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Biological Chemistry

Placebos Activate Endorphins

August 29, 2005 | A version of this story appeared in Volume 83, Issue 35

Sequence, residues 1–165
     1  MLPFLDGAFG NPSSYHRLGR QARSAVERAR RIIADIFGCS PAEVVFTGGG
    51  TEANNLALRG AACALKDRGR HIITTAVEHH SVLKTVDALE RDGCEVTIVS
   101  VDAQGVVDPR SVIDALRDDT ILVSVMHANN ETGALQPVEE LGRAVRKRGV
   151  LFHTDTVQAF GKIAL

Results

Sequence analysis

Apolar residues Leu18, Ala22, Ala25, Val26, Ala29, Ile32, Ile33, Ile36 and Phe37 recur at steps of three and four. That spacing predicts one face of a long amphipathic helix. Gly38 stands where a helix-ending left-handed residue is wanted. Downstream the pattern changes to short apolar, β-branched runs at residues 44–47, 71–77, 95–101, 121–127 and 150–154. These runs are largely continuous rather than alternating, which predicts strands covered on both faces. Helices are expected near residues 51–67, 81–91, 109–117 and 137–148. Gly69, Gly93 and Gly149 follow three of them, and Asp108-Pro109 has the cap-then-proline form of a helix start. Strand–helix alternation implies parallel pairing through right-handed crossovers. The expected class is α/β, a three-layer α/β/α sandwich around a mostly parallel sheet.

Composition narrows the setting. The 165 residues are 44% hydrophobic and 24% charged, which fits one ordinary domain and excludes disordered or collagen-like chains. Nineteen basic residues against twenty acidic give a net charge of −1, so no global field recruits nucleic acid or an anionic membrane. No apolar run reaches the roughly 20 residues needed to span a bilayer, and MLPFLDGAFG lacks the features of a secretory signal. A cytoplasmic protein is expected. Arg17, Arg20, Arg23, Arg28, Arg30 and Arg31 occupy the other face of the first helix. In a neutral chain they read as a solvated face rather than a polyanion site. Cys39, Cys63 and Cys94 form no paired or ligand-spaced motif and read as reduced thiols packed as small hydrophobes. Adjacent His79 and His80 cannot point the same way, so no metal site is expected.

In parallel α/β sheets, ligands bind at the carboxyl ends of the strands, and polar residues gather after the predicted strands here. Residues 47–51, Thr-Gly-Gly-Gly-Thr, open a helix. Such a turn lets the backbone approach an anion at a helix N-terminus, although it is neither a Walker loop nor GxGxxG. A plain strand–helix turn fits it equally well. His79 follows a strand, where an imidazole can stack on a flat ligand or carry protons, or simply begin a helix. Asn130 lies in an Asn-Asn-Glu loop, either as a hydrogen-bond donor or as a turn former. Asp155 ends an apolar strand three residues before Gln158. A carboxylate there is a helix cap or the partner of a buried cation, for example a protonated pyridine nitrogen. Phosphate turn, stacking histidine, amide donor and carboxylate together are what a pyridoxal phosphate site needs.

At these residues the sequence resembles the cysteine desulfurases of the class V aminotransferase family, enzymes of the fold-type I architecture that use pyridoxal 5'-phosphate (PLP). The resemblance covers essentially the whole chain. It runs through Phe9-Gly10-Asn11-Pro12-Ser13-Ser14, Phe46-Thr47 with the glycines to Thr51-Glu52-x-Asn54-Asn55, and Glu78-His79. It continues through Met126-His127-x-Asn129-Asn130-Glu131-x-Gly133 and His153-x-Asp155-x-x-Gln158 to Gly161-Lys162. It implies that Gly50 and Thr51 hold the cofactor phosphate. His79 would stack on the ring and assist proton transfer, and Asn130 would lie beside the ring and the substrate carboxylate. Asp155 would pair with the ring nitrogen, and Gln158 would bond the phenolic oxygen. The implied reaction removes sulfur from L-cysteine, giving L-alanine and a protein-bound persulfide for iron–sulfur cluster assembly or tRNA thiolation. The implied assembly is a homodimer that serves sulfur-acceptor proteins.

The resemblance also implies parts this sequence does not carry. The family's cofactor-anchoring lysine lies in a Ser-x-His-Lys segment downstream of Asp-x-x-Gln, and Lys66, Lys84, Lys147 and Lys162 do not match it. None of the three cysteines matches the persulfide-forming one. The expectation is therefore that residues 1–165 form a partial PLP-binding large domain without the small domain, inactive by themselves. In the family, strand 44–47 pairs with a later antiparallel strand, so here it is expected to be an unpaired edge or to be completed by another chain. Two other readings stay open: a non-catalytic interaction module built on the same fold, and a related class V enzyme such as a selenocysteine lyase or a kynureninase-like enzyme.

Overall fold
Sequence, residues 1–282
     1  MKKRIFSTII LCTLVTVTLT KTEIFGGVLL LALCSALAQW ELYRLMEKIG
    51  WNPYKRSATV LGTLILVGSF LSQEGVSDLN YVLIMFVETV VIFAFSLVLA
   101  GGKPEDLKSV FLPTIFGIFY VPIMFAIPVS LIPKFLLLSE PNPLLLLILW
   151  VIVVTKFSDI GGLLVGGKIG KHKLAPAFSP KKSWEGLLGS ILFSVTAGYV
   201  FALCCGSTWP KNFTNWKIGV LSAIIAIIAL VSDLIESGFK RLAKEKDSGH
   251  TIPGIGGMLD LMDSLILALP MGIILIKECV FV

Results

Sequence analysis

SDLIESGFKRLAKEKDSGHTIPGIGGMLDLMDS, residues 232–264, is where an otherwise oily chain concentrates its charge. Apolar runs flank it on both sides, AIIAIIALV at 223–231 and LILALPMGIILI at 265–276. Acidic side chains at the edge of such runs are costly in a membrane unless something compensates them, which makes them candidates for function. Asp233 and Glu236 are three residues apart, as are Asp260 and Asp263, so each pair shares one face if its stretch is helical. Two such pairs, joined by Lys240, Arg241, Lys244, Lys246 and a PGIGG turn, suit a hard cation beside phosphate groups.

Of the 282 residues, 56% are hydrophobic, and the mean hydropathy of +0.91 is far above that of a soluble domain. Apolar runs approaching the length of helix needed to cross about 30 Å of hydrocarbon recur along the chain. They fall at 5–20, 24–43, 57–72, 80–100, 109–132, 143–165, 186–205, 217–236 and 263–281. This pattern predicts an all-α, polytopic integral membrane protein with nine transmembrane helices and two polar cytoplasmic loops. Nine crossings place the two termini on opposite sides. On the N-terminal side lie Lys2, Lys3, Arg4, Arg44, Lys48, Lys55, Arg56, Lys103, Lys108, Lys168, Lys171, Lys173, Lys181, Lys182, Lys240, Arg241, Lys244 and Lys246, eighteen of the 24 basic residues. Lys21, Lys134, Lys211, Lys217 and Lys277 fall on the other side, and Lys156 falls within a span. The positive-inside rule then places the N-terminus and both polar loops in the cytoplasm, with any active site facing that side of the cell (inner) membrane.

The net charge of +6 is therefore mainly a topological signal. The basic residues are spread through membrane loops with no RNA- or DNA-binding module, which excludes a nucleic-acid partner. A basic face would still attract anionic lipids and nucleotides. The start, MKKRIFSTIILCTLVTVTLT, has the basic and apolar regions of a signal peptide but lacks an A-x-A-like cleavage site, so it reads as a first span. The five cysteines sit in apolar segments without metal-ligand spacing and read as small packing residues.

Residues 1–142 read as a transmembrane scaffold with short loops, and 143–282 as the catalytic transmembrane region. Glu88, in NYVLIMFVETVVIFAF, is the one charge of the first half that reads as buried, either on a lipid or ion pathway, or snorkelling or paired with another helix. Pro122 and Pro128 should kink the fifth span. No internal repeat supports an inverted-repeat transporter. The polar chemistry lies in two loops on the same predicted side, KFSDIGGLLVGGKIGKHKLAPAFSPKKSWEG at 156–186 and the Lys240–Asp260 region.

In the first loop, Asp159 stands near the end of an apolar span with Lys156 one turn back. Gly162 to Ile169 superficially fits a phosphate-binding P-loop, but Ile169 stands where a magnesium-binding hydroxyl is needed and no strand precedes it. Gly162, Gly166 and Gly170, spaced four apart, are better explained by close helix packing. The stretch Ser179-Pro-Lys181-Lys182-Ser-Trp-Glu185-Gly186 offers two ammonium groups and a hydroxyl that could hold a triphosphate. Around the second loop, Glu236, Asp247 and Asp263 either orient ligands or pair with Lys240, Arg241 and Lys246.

People often feel better when they believe they have taken a painkiller—even if its a placebo. Now, researchers at the University of Michigan and the University of Maryland have shown that the placebo effect is not merely psychological and that it has a physiological basis (J. Neurosci. 2005, 25, 7754). Michigans Jon-Kar Zubieta and colleagues injected saline solution into the jaw muscles of male volunteers to cause pain. As the experiment proceeded, additional solution was administered to the men at a rate that kept their perceived pain constant. The men were told they would also be injected with either a placebo or a compound that could reduce the pain; unbeknownst to the volunteers, only a placebo was used. The researchers used positron emission tomography and magnetic resonance imaging to scan the mens brains for activity in regions that release the natural opiates known as endorphins. The scans showed that administration of the placebo was followed by increased endorphin activity, providing the men with increased pain resistance.


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